The skin around the eyes is quite delicate and easy to damage. And ultraviolet (UV) radiation from the sun can lead to premature aging around the eyes, highlighting bagginess and puffiness.

Use broad-spectrum sunscreen with an SPF (sun protection factor) of 15 or higher. Look for sunscreens made specifically for the face or around the eyes.


Some topical eye products contain caffeine because it constricts blood vessels and may improve the appearance of puffy eyes. You can also chill some caffeinated black tea bags and rest them on your eyes for a few minutes.

Elevate Your Head as You Sleep

Since lack of sleep can contribute to eye bags, it makes sense that getting enough sleep can help with this issue. And sleeping with your head slightly raised keeps fluids from settling around your eyes during the night. Adding another pillow can do the trick if you can't raise your bed.

Stay Hydrated 

Dehydration can make the area around your eyes puffy and saggy. Be sure to stay well hydrated by drinking plenty of water.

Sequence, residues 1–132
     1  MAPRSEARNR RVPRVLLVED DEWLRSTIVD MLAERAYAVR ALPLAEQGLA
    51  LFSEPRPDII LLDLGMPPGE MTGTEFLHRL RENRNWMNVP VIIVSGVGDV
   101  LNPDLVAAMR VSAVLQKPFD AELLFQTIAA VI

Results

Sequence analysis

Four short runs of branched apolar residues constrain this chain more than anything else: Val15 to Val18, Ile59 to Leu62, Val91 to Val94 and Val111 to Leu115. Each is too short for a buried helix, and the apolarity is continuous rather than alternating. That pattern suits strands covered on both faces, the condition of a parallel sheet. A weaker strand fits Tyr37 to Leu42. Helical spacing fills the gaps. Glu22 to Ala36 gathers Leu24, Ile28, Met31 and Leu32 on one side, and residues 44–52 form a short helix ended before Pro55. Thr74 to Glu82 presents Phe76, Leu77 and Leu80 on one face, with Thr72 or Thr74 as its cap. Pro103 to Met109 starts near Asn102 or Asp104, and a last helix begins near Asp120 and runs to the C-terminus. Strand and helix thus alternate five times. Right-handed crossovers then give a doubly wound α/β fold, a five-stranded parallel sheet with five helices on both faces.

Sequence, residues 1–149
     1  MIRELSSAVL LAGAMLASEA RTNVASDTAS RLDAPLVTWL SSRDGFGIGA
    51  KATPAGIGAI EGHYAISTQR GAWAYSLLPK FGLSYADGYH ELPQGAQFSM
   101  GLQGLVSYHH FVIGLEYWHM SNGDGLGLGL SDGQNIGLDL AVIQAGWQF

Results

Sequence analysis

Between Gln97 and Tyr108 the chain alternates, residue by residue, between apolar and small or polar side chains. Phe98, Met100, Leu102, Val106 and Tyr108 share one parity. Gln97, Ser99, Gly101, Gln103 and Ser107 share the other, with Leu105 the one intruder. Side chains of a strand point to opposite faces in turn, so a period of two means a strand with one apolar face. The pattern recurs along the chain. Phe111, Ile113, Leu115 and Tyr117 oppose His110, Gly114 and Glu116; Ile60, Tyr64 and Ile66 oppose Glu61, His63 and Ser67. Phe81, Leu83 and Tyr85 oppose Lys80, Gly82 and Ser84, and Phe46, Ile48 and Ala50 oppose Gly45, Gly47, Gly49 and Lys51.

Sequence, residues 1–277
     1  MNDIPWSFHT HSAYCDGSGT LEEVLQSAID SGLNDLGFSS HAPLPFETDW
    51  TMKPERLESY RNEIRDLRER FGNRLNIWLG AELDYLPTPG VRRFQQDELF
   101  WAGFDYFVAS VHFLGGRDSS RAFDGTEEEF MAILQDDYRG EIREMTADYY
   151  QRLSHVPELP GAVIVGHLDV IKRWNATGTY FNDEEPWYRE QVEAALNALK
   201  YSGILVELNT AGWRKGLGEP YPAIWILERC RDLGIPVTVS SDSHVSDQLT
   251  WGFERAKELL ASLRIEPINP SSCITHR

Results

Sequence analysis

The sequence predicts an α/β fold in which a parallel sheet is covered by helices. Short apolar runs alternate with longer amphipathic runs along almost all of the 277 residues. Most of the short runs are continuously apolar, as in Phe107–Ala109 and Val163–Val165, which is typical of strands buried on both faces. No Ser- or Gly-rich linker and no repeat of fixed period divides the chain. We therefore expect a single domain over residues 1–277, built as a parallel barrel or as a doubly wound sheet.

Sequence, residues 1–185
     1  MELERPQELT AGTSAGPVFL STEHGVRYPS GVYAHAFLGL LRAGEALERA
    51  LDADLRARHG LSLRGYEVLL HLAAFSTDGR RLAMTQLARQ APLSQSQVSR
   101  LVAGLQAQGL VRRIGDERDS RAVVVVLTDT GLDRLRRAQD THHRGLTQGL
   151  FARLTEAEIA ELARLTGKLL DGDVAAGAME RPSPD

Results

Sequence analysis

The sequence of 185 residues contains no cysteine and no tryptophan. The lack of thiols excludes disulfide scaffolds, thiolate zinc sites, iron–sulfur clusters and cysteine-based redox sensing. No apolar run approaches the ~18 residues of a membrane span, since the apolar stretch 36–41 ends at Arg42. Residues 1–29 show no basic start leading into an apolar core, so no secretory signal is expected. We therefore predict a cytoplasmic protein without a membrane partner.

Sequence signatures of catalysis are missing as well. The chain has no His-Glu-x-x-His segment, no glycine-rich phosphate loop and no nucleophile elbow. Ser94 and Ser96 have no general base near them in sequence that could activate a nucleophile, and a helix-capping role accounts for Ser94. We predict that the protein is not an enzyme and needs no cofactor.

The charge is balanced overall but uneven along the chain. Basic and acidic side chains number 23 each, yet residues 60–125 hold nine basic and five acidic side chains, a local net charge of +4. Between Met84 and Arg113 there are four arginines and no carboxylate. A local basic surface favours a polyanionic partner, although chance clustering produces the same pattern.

However, try not to drink too many fluids just before bedtime. That, along with too much salt in your diet, can lead to nighttime fluid retention and baggy eyes in the morning.

Visit the Dermatologist 

A dermatologist is a medical doctor specializing in skin, hair, and nail conditions. If the skin around your eyes is persistently baggy or puffy and is causing great concern, it makes sense to visit a dermatologist for advice.

Any skin care product has the potential for unwanted side effects. Some people experience skin irritation while using retinol. If you use a product that irritates the skin around your eyes, it may be a good idea to have it examined by a dermatologist.

Cosmetic Procedures

Home remedies can work, though the effect is temporary. If your eye bags are due to aging or genetics, it may take something more. Speak with your dermatologist for more information on medical procedures that may help. Some to consider are:

  • Filler: Your provider injects fillers, such as hyaluronic acid, into the under-eye area. Fillers generally last about six to 12 months.
  • Laser resurfacing: Your provider uses a laser to remove surface layers of skin under the eyes. This prompts new collagen growth and firmer skin. Skin type and sun exposure determine how long it lasts, but it could be a few years.